SMS text message early warning systems could save lives
RegPoint's natural disaster SMS early alert system sends text messages automatically to users in an affected geographical area. (Reuters)

"Millions of lives" could be saved by sending out early warning text message alerts for tsunamis, earthquakes and typhoons.

More lives could be saved if governments were to adopt an early warning wireless technology, RegPoint, the company behind the technology, has told the International Roundtable for Disaster Resilience in Brussels.

The company claimed that "millions of lives" were being put at risk by governments failing to act quickly enough to implement this technology.

"World leaders are failing to adopt advanced early warning systems that could save millions of lives in disaster-prone regions," it said.

Typhoon Haiyan struck the Philippines, flattening entire villages and sweeping ships inland. The Phillippines National Disaster Agency said that more 5,000 people have died with many more still missing.

RegPoint claimed that the implementation of its system ahead of time could have "eased the death toll" from the typhoon.

Typhoon Haiyan brings back painful memories of the 2004 Indian Ocean earthquake and tsunami which affected 14 countries in the region and killed over 230,000 people.

The sytem could also be used to warn tourists travelling in the area at the time of a natual disaster, pointing out that 7,000 tourists, mostly from Europe, lost theie lives during the 2004 tsunami.

Dangerously exposed

"The typhoon in the Philippines reminded us all of Mother Nature's destructive power. Even in a technologically advanced 21st century, we remain dangerously exposed to the worst she has to offer," said RegPoint's founder Sophia Salenius.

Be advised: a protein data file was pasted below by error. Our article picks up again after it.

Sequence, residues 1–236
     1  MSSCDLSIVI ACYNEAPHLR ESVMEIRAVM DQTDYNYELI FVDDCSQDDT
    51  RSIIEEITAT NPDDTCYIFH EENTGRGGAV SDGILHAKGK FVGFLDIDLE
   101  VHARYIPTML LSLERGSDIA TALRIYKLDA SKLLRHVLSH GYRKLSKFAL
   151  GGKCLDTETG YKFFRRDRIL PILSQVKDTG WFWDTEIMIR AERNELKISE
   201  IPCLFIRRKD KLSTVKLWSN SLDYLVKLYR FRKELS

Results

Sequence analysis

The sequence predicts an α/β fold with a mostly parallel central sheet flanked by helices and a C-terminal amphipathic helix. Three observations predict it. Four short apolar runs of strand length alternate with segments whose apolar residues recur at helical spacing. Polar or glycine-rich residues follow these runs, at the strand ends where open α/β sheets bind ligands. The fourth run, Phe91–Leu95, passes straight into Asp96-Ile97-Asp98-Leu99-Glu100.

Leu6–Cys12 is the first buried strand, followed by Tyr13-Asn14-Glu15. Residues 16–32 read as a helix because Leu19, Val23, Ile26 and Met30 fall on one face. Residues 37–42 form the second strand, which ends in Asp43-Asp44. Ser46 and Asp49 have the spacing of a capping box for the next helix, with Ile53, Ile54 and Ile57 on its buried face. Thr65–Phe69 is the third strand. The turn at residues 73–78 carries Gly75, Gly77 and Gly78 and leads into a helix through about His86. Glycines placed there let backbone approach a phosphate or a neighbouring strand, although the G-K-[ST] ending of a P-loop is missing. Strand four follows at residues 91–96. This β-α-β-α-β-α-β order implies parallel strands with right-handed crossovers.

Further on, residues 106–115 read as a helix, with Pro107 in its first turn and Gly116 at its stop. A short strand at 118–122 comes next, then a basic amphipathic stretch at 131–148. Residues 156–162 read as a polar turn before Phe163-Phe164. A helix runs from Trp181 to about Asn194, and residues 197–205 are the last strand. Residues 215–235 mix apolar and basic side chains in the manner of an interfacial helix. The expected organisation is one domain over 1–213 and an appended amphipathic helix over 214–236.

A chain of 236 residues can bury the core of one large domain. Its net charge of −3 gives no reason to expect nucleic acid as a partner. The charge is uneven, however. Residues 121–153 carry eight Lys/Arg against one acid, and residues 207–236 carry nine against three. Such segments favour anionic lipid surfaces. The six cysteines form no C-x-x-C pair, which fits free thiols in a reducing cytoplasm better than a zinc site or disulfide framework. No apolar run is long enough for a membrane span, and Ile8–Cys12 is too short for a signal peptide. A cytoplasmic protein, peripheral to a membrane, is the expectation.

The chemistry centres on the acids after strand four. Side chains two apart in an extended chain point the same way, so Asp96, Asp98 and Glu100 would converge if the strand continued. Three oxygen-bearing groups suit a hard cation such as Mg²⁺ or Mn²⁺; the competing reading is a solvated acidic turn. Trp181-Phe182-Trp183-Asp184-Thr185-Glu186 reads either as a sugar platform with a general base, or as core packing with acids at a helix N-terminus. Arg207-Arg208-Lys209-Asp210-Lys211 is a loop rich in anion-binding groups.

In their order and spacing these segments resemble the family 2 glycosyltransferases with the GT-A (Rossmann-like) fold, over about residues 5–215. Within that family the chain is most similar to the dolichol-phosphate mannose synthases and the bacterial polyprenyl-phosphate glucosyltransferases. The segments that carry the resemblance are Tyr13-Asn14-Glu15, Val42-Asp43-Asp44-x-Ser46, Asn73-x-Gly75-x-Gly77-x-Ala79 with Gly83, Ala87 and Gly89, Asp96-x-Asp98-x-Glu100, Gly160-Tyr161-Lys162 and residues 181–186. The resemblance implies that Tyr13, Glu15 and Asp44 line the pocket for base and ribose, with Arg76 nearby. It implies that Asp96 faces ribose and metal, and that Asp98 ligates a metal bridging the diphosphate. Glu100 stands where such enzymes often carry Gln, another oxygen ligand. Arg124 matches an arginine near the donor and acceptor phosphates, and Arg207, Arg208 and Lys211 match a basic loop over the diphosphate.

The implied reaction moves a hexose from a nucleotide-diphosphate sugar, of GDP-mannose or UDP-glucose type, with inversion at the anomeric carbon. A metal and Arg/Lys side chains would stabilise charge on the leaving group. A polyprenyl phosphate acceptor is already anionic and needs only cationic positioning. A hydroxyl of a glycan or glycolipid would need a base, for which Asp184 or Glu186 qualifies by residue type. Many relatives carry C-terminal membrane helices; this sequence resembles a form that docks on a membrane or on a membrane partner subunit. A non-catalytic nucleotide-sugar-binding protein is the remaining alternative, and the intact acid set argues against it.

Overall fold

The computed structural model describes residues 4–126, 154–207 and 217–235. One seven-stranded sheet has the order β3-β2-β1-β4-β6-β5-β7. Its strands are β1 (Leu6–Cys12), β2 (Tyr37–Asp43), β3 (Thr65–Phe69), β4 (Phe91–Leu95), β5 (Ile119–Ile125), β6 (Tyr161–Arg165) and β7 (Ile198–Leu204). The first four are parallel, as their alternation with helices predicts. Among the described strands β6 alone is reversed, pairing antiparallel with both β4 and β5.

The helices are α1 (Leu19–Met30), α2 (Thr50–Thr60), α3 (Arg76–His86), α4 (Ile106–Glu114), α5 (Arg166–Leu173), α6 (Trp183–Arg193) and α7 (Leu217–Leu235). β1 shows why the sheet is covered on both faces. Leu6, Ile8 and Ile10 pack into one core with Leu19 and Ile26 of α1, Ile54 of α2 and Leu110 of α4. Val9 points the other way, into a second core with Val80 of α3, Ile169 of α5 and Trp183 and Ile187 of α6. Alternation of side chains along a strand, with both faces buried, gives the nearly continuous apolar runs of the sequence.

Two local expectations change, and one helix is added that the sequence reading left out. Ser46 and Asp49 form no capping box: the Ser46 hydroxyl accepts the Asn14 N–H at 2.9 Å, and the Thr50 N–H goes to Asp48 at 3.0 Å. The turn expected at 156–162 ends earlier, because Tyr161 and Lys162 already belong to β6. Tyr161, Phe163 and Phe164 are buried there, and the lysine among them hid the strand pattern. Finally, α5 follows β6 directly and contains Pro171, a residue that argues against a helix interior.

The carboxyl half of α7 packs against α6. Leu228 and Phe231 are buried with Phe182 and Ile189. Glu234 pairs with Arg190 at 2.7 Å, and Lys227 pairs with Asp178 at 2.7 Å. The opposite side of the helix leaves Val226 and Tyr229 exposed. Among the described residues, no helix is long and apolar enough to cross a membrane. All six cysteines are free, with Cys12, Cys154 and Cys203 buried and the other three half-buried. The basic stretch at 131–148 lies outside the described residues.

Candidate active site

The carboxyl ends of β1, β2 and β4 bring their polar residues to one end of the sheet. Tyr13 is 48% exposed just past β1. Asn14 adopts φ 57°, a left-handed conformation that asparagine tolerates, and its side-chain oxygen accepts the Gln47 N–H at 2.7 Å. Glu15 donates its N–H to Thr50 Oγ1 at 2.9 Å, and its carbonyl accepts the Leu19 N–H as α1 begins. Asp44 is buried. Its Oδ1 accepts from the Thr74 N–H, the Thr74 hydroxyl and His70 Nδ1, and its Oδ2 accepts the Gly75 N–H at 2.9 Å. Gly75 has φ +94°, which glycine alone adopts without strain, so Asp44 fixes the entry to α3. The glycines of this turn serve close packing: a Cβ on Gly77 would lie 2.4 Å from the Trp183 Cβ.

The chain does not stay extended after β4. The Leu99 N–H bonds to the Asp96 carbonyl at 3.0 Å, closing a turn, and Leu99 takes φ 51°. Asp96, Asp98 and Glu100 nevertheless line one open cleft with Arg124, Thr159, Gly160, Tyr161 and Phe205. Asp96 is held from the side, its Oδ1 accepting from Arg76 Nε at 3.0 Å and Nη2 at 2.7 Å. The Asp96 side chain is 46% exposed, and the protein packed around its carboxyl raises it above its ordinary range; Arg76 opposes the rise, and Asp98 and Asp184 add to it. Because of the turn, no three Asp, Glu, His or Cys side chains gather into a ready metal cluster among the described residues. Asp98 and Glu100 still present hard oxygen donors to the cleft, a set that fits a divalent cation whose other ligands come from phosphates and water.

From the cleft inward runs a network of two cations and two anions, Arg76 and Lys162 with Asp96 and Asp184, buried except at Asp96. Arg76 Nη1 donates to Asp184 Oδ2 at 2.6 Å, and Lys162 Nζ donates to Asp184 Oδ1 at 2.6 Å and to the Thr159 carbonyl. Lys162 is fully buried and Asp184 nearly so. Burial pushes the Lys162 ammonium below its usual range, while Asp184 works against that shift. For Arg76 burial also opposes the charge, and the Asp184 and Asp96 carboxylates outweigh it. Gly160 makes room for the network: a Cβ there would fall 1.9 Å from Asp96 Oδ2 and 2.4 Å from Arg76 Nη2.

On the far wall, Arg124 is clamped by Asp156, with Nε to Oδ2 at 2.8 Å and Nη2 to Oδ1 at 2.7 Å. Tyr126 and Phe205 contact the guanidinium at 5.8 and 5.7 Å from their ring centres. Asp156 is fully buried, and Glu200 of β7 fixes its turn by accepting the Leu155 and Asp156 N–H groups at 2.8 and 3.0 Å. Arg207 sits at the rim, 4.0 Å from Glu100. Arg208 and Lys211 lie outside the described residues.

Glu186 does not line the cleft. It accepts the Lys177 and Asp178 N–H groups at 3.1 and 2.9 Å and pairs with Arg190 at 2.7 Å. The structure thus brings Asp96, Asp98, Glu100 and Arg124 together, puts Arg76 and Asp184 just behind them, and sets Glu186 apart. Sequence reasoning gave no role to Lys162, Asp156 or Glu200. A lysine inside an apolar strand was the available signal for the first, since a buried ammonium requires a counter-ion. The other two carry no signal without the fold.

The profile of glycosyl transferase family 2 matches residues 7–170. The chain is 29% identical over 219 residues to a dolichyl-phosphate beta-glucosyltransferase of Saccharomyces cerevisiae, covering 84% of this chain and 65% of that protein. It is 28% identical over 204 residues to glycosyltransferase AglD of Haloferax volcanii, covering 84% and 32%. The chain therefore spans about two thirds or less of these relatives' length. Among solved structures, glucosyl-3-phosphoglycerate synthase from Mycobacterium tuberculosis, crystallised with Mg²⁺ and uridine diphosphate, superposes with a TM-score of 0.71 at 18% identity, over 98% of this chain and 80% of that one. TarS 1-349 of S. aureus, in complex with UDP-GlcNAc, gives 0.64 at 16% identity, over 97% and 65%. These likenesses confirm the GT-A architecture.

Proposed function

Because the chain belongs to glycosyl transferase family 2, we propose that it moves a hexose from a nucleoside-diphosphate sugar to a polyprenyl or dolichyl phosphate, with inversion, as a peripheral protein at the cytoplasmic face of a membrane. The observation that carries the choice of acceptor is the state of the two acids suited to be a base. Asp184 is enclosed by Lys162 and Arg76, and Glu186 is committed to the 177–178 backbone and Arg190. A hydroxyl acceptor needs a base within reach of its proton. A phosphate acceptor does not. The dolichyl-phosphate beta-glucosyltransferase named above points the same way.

"It's up to governments to act, before it is too late. Effective warning systems are available, but politicians must give them their backing if they are to realise their potential."

RegPoint's disaster management system is already in use by the Indian government and was awarded the Aegis Graham Bell International Mobile Health prize for its work.

In order for the system to work, users must register for the geographical areas they are most likely to be found in.

How it works

Data on natural disasters such as tsunamis, earthquakes and typhoons is provided by the Indian National Centre for Ocean Information Services (INCOIS), which monitors the weather and ocean patterns in 17 Southeast Asian countries including Australia and Indonesia using satellite imaging.

RegPoint's solution picks up the data and automatically sends an SMS text message with accurate information about the size, scale and expected time of the disaster to all registered users in the affected areas.

The firm is now working to make the system send SMS warnings automatically to all mobile phones in a geographical area without users needing to register.